Tuesday, 15 March 2016


If I'm counting right, this is Harlan Coben's 28th novel, and he has been writing thrillers longer than his Myron Bolitar series, thrillers marked by their everyday settings and their consistent twists of plot and character which have made them so successful. Fool Me Once is a perfect example of what makes his work so appealing, and the title is a pretty good warning of what the reader can expect from the author, yet it's also a tale whose emotional load is weighted carefully and one with something much darker than a shooting behind it.

The story begins at the funeral of Maya Burkett's husband Joe, shot by would-be muggers as the two of them walked in Central Park. Maya has an uneasy relationship with the Burkett family, extremely wealthy and aloof. She never thinks of herself as a Burkett; she's Maya Stern, who, as a helicopter pilot in Iraq took part in a rescue mission that resulted in the killing of civilians. She was identified on a whistle-blowing website, and took an honourable discharge from the Army, but she both misses the service and is haunted by nightmares of that fatal day. To make things worse, Maya's sister Claire was murdered, while Maya was deployed in the Middle East. Now she's determined to solve her husband's murder, but, as her widowed brother-in-law reminds her: death seems to follow her around.

Then, on a security camera hidden in a picture frame, Maya sees Joe playing with their daughter. From this beginning Coben weaves a story that has a number of familiar tropes: misadventures in prep school, electronic surveillance, protective wealthy families using their influence, but links them together is some surprising ways. Often just when you think you've caught up to the plot, it shifts, but part of his genius is that you may well have been right, but still not quite there. There are also the everyday touches familiar from Coben's work, the way pressures of child care, or a kid's bullying soccer coach, impact on a character's ability to deal with the increased stress of trying to solve a murder.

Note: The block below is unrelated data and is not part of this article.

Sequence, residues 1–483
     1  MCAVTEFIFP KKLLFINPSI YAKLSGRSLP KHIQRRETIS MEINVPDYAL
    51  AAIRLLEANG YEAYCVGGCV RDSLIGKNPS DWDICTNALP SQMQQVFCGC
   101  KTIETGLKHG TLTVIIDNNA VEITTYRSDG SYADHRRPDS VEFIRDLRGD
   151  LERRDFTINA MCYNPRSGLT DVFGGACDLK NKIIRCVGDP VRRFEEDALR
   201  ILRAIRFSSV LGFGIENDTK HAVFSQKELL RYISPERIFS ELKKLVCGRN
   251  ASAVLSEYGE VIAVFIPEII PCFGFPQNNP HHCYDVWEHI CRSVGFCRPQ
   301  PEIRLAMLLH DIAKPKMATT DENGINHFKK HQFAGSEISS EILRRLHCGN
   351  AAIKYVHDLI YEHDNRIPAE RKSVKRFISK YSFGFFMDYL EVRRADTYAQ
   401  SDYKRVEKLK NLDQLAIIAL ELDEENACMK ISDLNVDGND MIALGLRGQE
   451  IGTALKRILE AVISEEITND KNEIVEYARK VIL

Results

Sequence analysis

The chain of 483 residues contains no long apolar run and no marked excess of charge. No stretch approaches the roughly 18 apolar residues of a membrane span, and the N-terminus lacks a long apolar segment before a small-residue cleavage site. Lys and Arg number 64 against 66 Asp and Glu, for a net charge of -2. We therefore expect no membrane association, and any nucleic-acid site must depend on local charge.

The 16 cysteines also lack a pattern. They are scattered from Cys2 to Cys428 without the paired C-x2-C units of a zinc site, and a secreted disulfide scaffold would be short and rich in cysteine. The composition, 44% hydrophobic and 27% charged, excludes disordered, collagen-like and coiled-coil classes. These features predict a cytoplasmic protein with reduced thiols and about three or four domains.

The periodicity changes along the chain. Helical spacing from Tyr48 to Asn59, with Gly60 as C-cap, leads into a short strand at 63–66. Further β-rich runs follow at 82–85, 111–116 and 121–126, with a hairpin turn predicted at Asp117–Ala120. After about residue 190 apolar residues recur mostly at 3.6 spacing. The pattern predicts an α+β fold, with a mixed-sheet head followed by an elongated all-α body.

When you're writing a story full of twists, nothing is ever the way it seems, and Coben is brilliant in the way he reminds you of this with small references to ambiguities, to yin and yang, things like the opposite interpretations of the Second Amendment, to a school overlooking a graveyard, or receiving lines at weddings and funerals. Reminders that things have different meanings at different times.

I won't give away any spoilers, but the climax of the story not only ties things together, but does it in a way that is chilling and maybe darker than anything I've read from Coben. There is a coda, some of which was necessary, but some of which to my mind goes a little too far in the opposite direction of the brilliant finish. With the success of the film of Tell No One I'm always amazed more Coben isn't committed to film—this one I was seeing in my head is brought to a moving ending that stuns and saddens.

Fool Me Once by Harlan Coben
Century, £18.99, ISBN 9781780894195

NOTE: This review will also appear at Crime Time (www.crimetime.co.uk)

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